Access to justice is not likely to be served by tinkering even further with the costs regime and introducing costs capping measures.  If the NHS LA are really committed to insuring that costs remain proportionate, the easiest and most cost efficient policy to adopt would be to ensure that they focus on admitting liability at the earliest opportunity in deserving cases, thus ensuring that the risk of costly litigation is minimised.

Gerard Sanders, Associate Solicitor, Personal Injury and Clinical Negligence

 

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Whingeing rich lawyers should work for free!

The above title is a para phrase of the Mail Online which this week reported on the speech made by the new Justice Secretary Mr Michael Gove.

The Mail Online’s actual headline was: “Gove orders rich lawyers to stop whingeing about legal aid cuts and work for FREE to help poor victims of crime”.

Earlier this week Mr Gove made his above speech at The Legatum Institute.  If you missed it the speech it is published on the gov.uk website.  I have read it.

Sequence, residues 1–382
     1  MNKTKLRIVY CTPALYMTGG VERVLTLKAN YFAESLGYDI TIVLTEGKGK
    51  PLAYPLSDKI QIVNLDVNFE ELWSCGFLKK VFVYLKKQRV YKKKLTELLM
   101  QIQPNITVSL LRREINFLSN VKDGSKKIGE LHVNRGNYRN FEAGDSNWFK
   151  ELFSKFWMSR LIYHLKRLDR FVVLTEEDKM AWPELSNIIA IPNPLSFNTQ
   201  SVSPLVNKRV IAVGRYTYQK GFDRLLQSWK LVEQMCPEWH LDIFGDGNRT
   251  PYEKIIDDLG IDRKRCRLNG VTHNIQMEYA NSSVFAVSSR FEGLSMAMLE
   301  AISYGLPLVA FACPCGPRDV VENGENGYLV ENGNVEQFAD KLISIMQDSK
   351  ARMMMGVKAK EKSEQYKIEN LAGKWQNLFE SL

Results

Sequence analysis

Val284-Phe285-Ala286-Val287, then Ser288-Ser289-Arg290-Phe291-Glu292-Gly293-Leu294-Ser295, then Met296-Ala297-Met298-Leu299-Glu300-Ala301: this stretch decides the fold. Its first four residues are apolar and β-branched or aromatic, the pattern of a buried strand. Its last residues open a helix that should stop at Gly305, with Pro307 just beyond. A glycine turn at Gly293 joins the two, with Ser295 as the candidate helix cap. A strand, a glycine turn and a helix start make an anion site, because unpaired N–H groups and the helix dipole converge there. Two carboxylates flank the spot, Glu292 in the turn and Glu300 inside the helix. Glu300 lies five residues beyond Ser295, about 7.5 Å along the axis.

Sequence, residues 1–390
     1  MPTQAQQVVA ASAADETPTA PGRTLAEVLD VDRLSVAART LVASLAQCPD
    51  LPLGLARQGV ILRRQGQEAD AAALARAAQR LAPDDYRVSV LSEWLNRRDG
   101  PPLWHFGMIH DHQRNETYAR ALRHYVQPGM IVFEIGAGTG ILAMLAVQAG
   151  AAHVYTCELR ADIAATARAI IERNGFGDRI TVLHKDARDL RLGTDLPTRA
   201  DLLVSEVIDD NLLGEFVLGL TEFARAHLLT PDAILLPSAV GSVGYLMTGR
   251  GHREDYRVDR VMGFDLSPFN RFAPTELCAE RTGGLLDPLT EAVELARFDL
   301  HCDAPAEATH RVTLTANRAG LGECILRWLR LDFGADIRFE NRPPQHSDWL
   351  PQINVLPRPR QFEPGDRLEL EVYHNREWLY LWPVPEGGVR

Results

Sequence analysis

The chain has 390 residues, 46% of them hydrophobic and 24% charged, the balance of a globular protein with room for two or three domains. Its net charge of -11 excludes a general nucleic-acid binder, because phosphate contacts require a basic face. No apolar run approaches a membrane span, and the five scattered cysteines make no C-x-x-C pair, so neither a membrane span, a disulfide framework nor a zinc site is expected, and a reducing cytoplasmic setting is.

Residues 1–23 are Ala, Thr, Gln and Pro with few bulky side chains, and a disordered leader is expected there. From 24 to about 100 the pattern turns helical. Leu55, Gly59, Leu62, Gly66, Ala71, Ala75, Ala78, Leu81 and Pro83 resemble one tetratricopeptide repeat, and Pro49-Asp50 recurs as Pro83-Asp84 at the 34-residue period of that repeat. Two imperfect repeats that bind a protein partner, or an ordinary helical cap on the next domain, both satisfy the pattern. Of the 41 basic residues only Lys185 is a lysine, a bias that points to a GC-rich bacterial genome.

If Mr Gove kept to the speech as published on the gov.uk website then it appears that the Mail Online’s headline was not quite accurate.  I cannot find a reference in the speech to Mr Gove ordering rich lawyers to work for free and he did not apparently state that rich lawyers should stop whingeing about legal aid cuts either.

In the published speech Mr Gove states: “I know that many of the most prestigious chambers at the bar and many of the top solicitors firms already contribute to pro bono work and invest in improving access to the profession.  Many of our leading law firms have committed to giving 25 hours pro bono on average per fee earner each year.  That is welcome, but much more needs to be done”.